Why I’m an Omnivore – Sort of

There are so, so many diets out there today that will tell you that you should eat this, but not that.  Avoid gluten, dairy, meat, peanuts, legumes, sugar, you name it.  Often they use small bits of science and apply them incorrectly to make assumptions about how and what certain foods do in and to our bodies.  Mostly malarkey.  Sometimes they use fear-mongering, which aggravates me to no end.  They may claim that our bodies are not made to eat this food or that our bodies can’t recognize that food.  The fact is humans can eat almost anything and survive – and in some cases can thrive in spite of what seems to be an inadequate diet.  We humans are programed to be omnivores; it’s one of the reasons that we are at the very top of the food chain.

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Fried foods are high in calories and aren’t ideal for regular consumption, but even they can be enjoyed as a treat.

 

That said, we don’t have to eat everything.  We get to make choices.  We shouldn’t subsist on a diet of bacon and croissants (or fried okra and pickles), but we can eat them sometimes and still be perfectly healthy.

As for me, I am an omnivore. Sort of.  There are foods that I don’t eat.  I don’t eat pork.  I also eat very little beef.  I don’t have an issue with you eating them and they can absolutely be part of a healthy diet.  I don’t care for the texture or flavor of either.  To be honest, I became a quasi-vegetarian as a teenager (as the result of rabid anti-meat propaganda from PETA) and it stuck through my twenties.  I never quite gave up seafood.  Now, I eat chicken, eggs and turkey regularly too.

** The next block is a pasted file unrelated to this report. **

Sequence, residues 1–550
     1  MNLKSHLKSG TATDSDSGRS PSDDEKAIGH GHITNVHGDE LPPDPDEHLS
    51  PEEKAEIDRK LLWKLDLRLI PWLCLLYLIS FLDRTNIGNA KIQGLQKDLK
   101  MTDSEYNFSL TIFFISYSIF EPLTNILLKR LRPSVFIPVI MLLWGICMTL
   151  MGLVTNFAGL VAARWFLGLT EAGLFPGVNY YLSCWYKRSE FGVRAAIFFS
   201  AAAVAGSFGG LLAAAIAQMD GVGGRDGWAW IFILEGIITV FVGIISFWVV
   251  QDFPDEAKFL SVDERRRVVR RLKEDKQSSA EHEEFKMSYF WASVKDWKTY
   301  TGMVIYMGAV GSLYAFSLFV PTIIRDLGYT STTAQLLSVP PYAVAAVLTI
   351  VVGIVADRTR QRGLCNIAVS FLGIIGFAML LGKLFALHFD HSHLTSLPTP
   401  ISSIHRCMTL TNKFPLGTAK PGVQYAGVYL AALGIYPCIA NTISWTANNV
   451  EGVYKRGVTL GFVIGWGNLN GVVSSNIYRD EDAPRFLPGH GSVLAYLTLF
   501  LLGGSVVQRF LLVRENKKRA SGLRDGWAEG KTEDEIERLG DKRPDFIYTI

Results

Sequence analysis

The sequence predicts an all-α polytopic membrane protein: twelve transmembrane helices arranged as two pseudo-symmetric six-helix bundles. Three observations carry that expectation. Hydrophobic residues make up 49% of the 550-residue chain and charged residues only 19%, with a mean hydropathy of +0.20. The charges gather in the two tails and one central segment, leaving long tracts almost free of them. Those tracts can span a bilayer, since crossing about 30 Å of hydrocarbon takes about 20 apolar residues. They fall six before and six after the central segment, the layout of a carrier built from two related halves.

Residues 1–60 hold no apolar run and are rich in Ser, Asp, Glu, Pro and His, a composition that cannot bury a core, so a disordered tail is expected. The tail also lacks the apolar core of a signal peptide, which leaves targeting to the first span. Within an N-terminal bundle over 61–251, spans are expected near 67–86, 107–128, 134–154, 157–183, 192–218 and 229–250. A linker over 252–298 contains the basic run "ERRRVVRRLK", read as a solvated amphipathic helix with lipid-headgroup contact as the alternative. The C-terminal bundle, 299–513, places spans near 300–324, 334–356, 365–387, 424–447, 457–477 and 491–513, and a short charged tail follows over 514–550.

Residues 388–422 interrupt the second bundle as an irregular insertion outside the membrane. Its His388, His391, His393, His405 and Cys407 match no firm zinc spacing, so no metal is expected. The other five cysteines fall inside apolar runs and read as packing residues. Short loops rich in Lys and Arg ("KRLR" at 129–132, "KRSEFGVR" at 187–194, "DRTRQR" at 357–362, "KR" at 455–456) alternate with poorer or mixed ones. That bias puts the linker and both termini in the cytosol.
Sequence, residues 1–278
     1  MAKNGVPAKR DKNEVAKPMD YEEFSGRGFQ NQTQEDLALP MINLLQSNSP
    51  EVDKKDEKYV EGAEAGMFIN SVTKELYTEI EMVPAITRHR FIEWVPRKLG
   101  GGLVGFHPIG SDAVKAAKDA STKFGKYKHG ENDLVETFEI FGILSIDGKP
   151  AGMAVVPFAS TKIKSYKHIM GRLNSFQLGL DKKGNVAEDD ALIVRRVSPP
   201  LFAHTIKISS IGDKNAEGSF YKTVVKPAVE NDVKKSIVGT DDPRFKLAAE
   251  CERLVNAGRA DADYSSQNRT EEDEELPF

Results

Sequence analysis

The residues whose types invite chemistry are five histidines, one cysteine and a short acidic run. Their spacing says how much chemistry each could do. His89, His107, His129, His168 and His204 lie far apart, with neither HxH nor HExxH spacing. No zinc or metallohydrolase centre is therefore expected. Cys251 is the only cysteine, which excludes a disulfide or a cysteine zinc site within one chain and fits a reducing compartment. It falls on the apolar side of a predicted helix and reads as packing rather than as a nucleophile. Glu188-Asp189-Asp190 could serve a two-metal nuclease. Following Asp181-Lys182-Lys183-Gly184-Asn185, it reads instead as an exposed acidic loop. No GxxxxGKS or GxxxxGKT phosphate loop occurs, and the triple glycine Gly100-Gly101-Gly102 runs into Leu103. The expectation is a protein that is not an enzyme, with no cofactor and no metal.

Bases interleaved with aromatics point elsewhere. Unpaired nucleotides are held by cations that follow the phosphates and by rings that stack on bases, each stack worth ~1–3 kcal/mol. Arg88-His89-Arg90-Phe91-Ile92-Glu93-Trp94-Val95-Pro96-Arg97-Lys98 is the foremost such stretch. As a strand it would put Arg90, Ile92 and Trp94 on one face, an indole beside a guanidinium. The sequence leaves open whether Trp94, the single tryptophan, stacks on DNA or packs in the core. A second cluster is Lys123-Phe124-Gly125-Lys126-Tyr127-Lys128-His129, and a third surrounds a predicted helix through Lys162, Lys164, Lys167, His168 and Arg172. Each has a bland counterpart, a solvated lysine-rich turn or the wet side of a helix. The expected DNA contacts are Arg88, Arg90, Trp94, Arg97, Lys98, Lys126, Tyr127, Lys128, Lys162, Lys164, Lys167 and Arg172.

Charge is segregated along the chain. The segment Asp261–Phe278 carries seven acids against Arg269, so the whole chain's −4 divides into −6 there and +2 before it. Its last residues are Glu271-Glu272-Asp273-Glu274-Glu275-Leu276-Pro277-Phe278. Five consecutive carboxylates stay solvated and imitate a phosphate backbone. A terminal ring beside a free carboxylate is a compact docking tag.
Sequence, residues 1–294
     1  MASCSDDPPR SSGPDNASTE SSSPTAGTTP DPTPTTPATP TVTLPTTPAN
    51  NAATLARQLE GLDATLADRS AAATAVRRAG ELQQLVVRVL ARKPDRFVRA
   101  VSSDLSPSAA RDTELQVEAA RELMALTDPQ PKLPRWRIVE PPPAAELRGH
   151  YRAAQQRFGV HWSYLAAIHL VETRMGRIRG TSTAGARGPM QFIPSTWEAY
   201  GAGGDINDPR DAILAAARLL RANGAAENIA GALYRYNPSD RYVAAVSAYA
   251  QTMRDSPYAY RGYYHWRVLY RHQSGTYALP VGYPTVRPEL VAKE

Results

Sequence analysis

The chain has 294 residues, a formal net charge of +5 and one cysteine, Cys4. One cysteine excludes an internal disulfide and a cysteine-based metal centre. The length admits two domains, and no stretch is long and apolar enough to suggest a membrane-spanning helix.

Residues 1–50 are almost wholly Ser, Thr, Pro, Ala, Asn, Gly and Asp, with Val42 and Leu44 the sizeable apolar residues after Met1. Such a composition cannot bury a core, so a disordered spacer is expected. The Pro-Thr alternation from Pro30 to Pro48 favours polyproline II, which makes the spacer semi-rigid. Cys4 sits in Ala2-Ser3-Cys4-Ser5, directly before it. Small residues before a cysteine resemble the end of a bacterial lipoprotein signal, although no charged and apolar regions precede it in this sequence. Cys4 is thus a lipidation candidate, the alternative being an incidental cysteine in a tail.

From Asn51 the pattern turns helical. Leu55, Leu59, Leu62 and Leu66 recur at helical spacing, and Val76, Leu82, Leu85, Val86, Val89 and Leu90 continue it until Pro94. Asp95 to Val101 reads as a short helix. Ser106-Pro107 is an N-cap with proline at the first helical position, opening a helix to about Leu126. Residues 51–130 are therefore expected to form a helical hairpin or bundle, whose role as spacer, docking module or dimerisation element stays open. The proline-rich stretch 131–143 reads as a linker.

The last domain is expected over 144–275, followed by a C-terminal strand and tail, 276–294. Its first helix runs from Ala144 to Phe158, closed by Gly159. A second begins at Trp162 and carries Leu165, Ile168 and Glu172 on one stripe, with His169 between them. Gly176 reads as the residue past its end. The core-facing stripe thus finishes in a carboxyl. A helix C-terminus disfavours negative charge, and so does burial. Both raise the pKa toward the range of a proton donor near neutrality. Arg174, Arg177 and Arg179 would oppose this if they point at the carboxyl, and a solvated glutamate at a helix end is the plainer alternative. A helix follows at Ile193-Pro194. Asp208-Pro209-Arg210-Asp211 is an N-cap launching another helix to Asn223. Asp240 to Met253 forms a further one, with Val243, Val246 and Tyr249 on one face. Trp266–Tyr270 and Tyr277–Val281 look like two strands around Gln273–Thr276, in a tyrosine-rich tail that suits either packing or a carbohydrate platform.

I also love dairy.  I eat cheese pretty much every day.  I make my own yogurt whenever I have the time.  We enjoy real, delicious, (mostly) full-fat cheese, milk, yogurt, and kefir.  These foods provide calcium, vitamin D, protein, probiotics, and other minerals our bodies need.  Avoiding them is unnecessary because we have no sensitivities, intolerances, or allergies and eating them provides a variety of fantastic health benefits.

Cotton Candy (2)

Here I am eating a week’s worth of sugar at one time! Well, my excuse is that I was celebrating. 😉

I don’t avoid sugar completely.  I have a powerful sweet tooth!  Cookies, ice cream, and chocolate indulgences regularly make it onto my plate.  The secret?  PORTION CONTROL.  I can eat anything I want.  But I can’t eat any amount of anything I want anytime I want and still have the health that I want.  I rarely drink my sugar (but do enjoy a shake, frappe, or sweet tea on occasion). Sugar isn’t inherently evil.  Too much sugar (just like too much alcohol, meat, and even water) can harm our health, increasing our risk for chronic disease and tooth decay.  WHO and American Heart Association says you should limit your intake of added sugar to around 6-8 teaspoons per day (that’s not much, people) and 4 grams is equal to about 1 teaspoon.  Read labels, be smart.  But a little sugar never hurt anyone.

Veggies

Eat mostly a plant-based diet for the best health!

On the whole, I primarily eat a plant-based diet.  I eat all kinds plants (except lima beans, but that’s totally preference).  Whole grains, legumes, peanuts, tree nuts, cruciferous vegetables, those from the nightshade family, and much more.  I do not avoid any plant-based food based on the fact that it may contain one or more “anti-nutrient”.  That’s just silly. We eat a varied diet specifically so that we can get a variety of vitamins, minerals and nutrients from our food.  Fruits and vegetables, nuts and seeds are packed with antioxidants, fiber, good fats, and vitamins that our bodies need.  The more we eat, the better for our health.

This is the deal.  Healthy eating for most people is not overly complex.  There are specific things you can and should do to help improve your health through your eating behaviors.  But if it sounds wacky, too good to be true, makes it hard to enjoy food with friends and family, or makes food prep impossible for you to do within your lifestyle, don’t go there.  Step back and reconsider what you’re trying to accomplish.  A registered dietitian nutritionist can help you make sense of the science, the hype, and help create a plan that works for your specific needs.  If I can help let me know.  I don’t always agree with Michael Pollan, but he got some things right.  His brief instructions: Eat food. Not too much. Mostly plants. pretty much hit the nail on the head for me.  What do you think?

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